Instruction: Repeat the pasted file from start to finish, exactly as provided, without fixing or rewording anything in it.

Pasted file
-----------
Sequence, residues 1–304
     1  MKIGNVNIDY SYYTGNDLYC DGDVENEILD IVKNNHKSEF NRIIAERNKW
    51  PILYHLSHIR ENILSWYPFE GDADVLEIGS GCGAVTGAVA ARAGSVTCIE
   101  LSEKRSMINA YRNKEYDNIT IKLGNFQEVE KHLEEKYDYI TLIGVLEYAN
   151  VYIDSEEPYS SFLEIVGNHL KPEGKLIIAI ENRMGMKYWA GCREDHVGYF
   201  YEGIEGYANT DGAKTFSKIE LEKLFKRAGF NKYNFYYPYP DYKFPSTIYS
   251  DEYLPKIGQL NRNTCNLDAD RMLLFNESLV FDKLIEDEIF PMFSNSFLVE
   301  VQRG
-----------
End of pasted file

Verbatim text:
Sequence, residues 1–304
     1  MKIGNVNIDY SYYTGNDLYC DGDVENEILD IVKNNHKSEF NRIIAERNKW
    51  PILYHLSHIR ENILSWYPFE GDADVLEIGS GCGAVTGAVA ARAGSVTCIE
   101  LSEKRSMINA YRNKEYDNIT IKLGNFQEVE KHLEEKYDYI TLIGVLEYAN
   151  VYIDSEEPYS SFLEIVGNHL KPEGKLIIAI ENRMGMKYWA GCREDHVGYF
   201  YEGIEGYANT DGAKTFSKIE LEKLFKRAGF NKYNFYYPYP DYKFPSTIYS
   251  DEYLPKIGQL NRNTCNLDAD RMLLFNESLV FDKLIEDEIF PMFSNSFLVE
   301  VQRG